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Roundup: Giving the PMO too much credit

Over the past day-and-a-half, everyone and their dog has had an opinion about just what Maryam Monsef was thinking when she stood up in Question Period and said that the electoral reform committee hadn’t done their job in bringing forward a recommendation and then tried to use the Gallagher Index equation as a way of ridiculing their work. And when she stood up in QP to apologise yesterday no less than five times, the opinions got more and more “sure” that everyone knew just what was going on.

And while I am always happy for a Thick of It reference where I can get it, I’ve seen a lot of tweets over the day that have basically posited that Monsef is this vacuous cipher for the PMO, and that she’s just reading the lines assigned to her, and it bothers me. Why? Because Monsef isn’t vacuous. Quite the opposite in fact, and while she may stick to her lines in QP and have all the sweetness of saccharine, she’s very deliberate in the way she responds (as she articulated to John Geddes here). So yes, she prepared for Thursday’s QP and had some lines prepared, including the one about the Gallagher Index, but she also knew that she was going to be bombarded with a bunch of ridiculous questions from the opposition parties who overread the conclusions of the report. Did she go too far? Yes, absolutely, and I think she recognised that. But she’s also been handed a really shit file to manage, and she’s got a tonne of work to do in stick-handling it.

Essentially, the Liberals made a foolish promise that they probably knew they couldn’t keep, but they also managed the expectations around it somewhat with promises for consultation that gives them an out. It was also just one item in a comprehensive reform package, most of the rest of which is well on the way of being implemented, but they went and oversold this one item and now they need to figure out how to break it without looking like they’re breaking it for self-interested reasons. And no, I don’t think they want to break it just because the current system worked out for them – rather, they realised that the alternatives are not actually better for our system in general. Part of how they can hope to break it is to show that the other parties are unreasonable and no consensus can be reached, and to a great extent, the electoral reform committee report demonstrated that, but Monsef went and overshot and her own party members got hit with friendly fire as a result. And now they need to keep up the charade a while longer, but this is something that they need to smother, but they can’t look like that’s their plan, and Monsef has a hell of a job trying to manage that.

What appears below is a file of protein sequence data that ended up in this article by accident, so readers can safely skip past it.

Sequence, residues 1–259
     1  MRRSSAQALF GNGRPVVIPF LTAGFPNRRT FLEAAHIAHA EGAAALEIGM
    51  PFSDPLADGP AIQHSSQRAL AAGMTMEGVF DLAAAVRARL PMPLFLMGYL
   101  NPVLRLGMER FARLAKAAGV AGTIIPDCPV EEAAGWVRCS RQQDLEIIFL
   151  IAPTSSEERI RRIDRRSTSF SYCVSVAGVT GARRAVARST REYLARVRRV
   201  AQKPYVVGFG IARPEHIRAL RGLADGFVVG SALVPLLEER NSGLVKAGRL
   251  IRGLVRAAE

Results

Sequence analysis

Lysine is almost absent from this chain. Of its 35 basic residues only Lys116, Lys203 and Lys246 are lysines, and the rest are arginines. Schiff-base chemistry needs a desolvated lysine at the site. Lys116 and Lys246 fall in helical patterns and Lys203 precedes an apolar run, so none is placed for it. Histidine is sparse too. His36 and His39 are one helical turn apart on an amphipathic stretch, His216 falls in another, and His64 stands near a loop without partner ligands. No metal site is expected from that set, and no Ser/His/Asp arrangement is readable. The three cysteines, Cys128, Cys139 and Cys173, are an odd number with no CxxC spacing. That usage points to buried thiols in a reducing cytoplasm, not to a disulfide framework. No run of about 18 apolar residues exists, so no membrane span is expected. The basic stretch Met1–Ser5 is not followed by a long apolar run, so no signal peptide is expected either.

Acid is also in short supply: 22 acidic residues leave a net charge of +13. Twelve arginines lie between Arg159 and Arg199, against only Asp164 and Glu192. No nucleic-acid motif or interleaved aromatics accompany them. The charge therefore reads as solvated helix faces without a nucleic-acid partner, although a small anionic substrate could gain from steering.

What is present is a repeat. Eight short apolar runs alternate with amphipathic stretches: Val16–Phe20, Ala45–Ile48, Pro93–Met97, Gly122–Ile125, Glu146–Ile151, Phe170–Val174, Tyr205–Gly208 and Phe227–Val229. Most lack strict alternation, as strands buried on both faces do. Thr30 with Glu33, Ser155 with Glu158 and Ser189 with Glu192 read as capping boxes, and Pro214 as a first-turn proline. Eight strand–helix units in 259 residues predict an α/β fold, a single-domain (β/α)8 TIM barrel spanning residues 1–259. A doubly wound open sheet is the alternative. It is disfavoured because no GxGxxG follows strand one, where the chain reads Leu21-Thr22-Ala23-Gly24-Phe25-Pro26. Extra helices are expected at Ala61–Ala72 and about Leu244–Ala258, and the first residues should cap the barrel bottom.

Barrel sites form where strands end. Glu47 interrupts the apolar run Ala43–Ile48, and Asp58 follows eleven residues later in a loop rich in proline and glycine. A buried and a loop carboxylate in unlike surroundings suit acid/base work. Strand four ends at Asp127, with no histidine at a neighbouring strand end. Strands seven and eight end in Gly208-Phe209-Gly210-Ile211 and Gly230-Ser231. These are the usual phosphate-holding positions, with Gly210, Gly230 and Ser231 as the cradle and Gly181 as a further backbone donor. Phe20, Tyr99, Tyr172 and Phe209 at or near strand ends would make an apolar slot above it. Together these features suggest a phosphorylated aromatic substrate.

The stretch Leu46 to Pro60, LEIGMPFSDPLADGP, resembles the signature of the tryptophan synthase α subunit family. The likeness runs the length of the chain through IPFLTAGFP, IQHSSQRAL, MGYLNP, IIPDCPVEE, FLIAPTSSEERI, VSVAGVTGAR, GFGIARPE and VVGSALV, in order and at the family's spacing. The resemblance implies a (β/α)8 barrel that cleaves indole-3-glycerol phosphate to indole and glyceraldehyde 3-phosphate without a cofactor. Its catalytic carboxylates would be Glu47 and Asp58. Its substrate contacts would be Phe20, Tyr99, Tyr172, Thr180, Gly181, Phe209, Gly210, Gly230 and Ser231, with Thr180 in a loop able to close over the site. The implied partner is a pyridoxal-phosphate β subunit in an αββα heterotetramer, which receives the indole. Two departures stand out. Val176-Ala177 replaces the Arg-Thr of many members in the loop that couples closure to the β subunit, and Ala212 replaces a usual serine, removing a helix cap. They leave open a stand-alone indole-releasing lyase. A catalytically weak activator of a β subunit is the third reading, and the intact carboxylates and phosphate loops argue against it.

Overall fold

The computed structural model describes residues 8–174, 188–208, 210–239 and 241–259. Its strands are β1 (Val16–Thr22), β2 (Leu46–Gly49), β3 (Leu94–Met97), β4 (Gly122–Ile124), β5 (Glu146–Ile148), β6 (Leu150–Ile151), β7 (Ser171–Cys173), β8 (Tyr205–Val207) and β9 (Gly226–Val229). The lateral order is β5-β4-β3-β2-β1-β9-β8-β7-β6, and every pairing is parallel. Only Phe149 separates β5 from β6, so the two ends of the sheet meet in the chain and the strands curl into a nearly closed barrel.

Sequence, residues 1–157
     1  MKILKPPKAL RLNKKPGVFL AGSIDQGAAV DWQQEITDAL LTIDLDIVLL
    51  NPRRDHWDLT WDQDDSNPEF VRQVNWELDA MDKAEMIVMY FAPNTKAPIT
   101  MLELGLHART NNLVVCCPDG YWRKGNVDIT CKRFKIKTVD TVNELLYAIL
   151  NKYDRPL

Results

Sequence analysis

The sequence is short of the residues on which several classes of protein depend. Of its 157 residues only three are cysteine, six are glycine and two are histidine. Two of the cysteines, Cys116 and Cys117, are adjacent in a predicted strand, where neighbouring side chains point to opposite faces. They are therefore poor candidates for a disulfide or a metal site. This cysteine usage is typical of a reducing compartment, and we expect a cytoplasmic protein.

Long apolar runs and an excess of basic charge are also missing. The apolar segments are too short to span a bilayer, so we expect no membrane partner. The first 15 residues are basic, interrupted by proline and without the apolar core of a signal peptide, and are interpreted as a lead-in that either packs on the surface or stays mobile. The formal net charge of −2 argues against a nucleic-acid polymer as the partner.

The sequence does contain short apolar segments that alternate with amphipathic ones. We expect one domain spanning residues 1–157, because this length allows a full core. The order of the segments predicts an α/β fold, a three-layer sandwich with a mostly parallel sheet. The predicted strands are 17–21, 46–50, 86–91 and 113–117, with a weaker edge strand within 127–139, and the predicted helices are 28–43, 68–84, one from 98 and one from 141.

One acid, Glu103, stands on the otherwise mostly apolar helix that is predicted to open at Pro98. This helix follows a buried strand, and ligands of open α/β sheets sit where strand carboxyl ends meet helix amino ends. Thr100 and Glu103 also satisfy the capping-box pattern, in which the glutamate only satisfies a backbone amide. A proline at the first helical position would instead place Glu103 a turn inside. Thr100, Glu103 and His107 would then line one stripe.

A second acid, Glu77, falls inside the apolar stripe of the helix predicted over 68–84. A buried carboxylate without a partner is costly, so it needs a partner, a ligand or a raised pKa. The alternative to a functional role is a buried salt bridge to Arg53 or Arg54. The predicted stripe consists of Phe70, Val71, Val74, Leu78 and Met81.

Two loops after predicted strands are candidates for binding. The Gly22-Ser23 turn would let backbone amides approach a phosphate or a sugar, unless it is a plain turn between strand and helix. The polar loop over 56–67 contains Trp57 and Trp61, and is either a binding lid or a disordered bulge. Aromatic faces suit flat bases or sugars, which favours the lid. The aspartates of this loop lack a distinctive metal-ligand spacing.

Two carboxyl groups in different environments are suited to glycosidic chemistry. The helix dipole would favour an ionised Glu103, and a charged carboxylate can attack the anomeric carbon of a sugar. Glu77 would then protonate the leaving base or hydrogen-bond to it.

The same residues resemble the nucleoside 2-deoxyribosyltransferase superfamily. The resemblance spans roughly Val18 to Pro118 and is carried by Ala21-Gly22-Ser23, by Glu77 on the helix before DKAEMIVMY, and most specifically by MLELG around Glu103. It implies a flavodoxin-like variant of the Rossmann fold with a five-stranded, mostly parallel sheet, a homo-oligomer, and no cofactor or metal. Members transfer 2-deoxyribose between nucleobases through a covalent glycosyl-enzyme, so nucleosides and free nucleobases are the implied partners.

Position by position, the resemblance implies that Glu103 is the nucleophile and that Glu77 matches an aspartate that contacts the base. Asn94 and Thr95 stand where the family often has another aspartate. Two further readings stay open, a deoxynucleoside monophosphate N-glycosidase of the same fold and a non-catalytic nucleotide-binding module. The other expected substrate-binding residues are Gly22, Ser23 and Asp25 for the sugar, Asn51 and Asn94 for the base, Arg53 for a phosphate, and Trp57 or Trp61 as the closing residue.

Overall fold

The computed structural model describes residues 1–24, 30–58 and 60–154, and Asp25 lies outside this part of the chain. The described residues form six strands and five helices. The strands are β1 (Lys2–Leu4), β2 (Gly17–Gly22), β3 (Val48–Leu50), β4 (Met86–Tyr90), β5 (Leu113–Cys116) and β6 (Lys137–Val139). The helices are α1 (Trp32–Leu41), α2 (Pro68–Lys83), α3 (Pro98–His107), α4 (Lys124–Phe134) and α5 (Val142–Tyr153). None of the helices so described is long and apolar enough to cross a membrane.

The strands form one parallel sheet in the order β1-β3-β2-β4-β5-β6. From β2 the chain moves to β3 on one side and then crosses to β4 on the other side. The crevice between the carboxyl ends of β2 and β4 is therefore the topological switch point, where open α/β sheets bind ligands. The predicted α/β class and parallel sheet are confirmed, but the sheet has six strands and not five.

Oh, and for everyone who asserts that this is just the PMO pulling the strings instead of the minister, I’m less convinced. I’ve had conversations with people who’ve worked in Queen’s Park who now work here, and their assessment is that this actually is government by cabinet – the centre is not stickhandling everything, and I’m not convinced that Monsef, as junior as she may be, is just a puppet like so many Harper ministers were. The evidence just isn’t there for me.

Meanwhile, Colby Cosh offers some more context for that whole Gallagher Index nonsense, while Paul Wells manages to better interpret Monsef’s reaction and the real reason why the committee failed, which has to do with the referendum question. Andrew Coyne mystifyingly tries to equate the issue with free trade, while again insisting that Monsef is just a cipher for the PM.

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Roundup: Walking out on Wallonia

Talks to save the Canada-EU trade agreement broke down yesterday, and after more than two days of direct talks, trade minister Chrystia Freeland walked out of the meeting and basically declared that it was now impossible for the EU to come to an international trade deal. And really, this was about the Walloons in Belgium who weren’t letting this go through. Wallonia’s president tried to sound an optimistic tone, and said that “difficulties remain” around largely the investor-state dispute resolution mechanism and wanted Justin Trudeau to hold off on his planned trip to Europe next week to finalize the deal so that the Walloons could have more time.

While Freeland said she was ready to get back on a plane and go home to see her kids, it looks like the EU president managed to keep her around for more talks, which may have been the whole point of Freeland’s exit – so that the rest of the EU could pressure Wallonia to come to their senses. While Belgium’s ambassador to Canada also said that the deal wasn’t dead, we did see some of the usual suspects line up to applaud the potential demise of the agreement, like Elizabeth May, the NDP, and the Council of Canadians.